• The local daily newspaper and newspaper of record is the Battle Creek Enquirer, owned and operated by Gannett Company.[24][25]

Radio and television[]

Battle Creek is served by several radio and television stations, including:


  • WBCK (930 AM), the city's heritage radio station, now broadcasting a sports format.
  • WBCK-FM (95.3 FM), a news/talk outlet
  • WBXX (104.9 FM), "Mix 104-9", playing adult contemporary music
  • WBFN (1400 AM), featuring Christian programming and simulcasting WUFN-FM in nearby Albion
  • WNWN-FM (98.5 FM), playing country music, licensed to nearby Coldwater and based in Battle Creek
  • WFPM-LP (99.5 FM), a low power station featuring black gospel programming
  • WKFR (103.3 FM), a top 40 music station licensed to Battle Creek with studios in Kalamazoo


  • WOTV An ABC affiliate serving Battle Creek, Kalamazoo and southwestern Michigan, and also serving as a secondary ABC affiliate for Grand Rapids
  • WZPX, an ION affiliate serving all of western Michigan
  • WWMT A CBS affiliate licensed to Kalamazoo and also serving, Battle Creek, Grand Rapids and western Michigan
  • AccessVision Public-access television on Comcast channel 16 & 17. AccessVision broadcasts to all municipalities within Battle Creek, and Newton Township.

WNWN-FM and WKFR are typically the top-rated radio stations in the market. The area can also receive radio and TV broadcasts from Grand Rapids, Kalamazoo, Lansing and other nearby cities.


2010 World's Longest Breakfast Table


Battle Creek is home to The Music Center, which serves South Central Michigan.

Battle Creek is the home to The Battle Creek Symphony Orchestra, whose home is at the W.K. Kellogg Auditorium in downtown Battle Creek. The symphony is currently conducted by Anne Harrigan, and is Michigan's longest-running symphony orchestra.

The Brass Band of Battle Creek is composed of 31 brass players and percussionists from around the United States and Europe. “Created in 1989 by brothers Jim and Bill Gray, podiatrists and amateur brass players from Battle Creek, MI, the BBBC has grown to cult status in Battle Creek, where BBBC concerts are regularly sold out and waiting lists are created weeks in advance.”[26]

Leilapalooza - The Leila Arboretum Music Festival is a free summer music festival held at the Leila Arboretum. Proceeds benefit the Leila Arboretum Society and Kingman Museum.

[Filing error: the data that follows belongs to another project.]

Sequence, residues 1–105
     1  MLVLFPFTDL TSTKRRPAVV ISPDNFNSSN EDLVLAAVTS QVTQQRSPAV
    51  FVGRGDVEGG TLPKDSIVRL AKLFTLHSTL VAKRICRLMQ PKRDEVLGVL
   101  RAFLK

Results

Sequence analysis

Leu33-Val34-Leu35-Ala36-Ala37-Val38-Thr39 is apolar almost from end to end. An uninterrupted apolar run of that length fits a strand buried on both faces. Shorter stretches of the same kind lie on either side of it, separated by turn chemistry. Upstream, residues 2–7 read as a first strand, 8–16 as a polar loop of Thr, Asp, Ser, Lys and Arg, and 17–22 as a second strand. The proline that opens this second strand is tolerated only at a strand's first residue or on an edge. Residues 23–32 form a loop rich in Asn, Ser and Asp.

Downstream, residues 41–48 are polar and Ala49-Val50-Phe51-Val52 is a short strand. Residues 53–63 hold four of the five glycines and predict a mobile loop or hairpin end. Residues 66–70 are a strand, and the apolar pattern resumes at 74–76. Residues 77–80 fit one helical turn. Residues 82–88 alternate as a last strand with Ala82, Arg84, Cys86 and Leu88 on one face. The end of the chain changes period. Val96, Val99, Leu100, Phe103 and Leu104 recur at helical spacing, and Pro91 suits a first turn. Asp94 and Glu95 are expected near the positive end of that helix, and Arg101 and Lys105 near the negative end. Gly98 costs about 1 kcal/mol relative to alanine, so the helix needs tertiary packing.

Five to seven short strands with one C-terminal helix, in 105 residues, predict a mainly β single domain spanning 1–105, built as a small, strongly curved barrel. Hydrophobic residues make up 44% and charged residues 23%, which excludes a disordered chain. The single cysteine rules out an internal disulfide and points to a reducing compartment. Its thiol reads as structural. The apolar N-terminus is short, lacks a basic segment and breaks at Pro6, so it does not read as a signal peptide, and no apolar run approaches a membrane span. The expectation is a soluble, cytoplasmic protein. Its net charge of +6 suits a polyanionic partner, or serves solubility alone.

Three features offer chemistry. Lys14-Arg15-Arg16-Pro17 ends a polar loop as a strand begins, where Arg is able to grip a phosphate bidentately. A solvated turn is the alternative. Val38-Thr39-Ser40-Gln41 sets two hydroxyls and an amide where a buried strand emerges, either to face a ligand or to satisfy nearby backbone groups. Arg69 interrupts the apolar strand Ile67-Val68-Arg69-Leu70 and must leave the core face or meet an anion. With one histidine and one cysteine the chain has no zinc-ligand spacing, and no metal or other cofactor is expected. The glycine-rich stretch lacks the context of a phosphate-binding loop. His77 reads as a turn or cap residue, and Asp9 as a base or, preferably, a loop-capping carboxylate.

Battle Creek is host annually to the Michigan High School Athletic Association team wrestling, volleyball, baseball, and softball state championships. The town receives quarterly boosts to its economy from the fans that flock there to follow their teams.[27]

Each year, Battle Creek hosts the Sandy Koufax 13S World Series, for 13-year-old baseball players.

In August, 2010, Battle Creek was host to the eighth edition of the International H.K.D Games.

Sports teams[]

Downtown Battle Creek

The Battle Creek Bombers are a collegiate baseball team, a member of the Northwoods League, who began play in 2007. After a last place finish in 2010, the Bombers went 47-26 in 2011 and won their first NWL championship.[28] It was the first championship in Battle Creek since 2000, when the Michigan Battle Cats won the Midwest League championship.[29] The team's home is C.O. Brown Stadium. In 2011, the team signed a 5 year lease which guarantees the teams 10 year anniversary in Battle Creek in 2017.

The Battle Creek Knights are a minor league basketball team. They were a charter member of the International Basketball League (IBL) and went 21-0 during the league's first season in 2005, winning the championship. The team's home is Kellogg Arena. After announcing in July 2009 that they would sit out the 2009 season, in October the team announced that they would return to play in the International Basketball League.[30]

The Battle Creek Revolution are a member of the All American Hockey League and began play in 2008. The team's home is Revolution Arena.

The Battle Creek Blaze is a not-for-profit, adult football team that plays NFL rules football as a member of the IFL (Interstate Football League). The Blaze organization raises funds and community awareness in the fight against cancer. They are in their sixth season of operation, and won the IFL North Division Championship in 2010.

The Battle Creek Cereal Killers roller derby team began in 2011.

Former sports teams[]

The Michigan Battle Cats/Battle Creek Yankees/Southwest Michigan Devil Rays were a Class A minor league baseball team that played in the Midwest League from 1995 through 2006. The team's home was C.O. Brown Stadium.

The Battle Creek Crunch, were a member of the Great Lakes Indoor Football League (GLIFL), that began play in 2006. They played only one season in Battle Creek before ceasing operations due to financial trouble. The team's home was Kellogg Arena.

The Battle Creek Belles, a member of the All-American Girls Professional Baseball League, played two seasons, 1951 and 1952, before relocating to Muskegon.


Historical populations
Census Pop.
1890 13,197
1900 18,563 40.7%
1910 25,267 36.1%
1920 36,164 43.1%
1930 45,573 26.0%
1940 43,453 −4.7%
1950 48,666 12.0%
1960 44,169 −9.2%
1970 38,931 −11.9%
1980 35,724 −8.2%
1990 53,540 49.9%
2000 53,364 −0.3%
2010 52,347 −1.9%

In 1982, at the insistence of the Kellogg Company, the city annexed Battle Creek Township, nearly doubling the city's population. Kellogg's even went so far as to threaten moving their headquarters if the annexation failed to occur.[31]

2010 census[]

As of the census[5] of 2010, there were 52,347 people, 21,118 households, and 12,898 families residing in the city. The population density was 1,228.5 inhabitants per square mile (474.3 /km2). There were 24,277 housing units at an average density of 569.7 per square mile (220.0 /km2). The racial makeup of the city was 71.7% White, 18.2% African American, 0.7% Native American, 2.4% Asian, 2.7% from other races, and 4.3% from two or more races. Hispanic or Latino of any race were 6.7% of the population.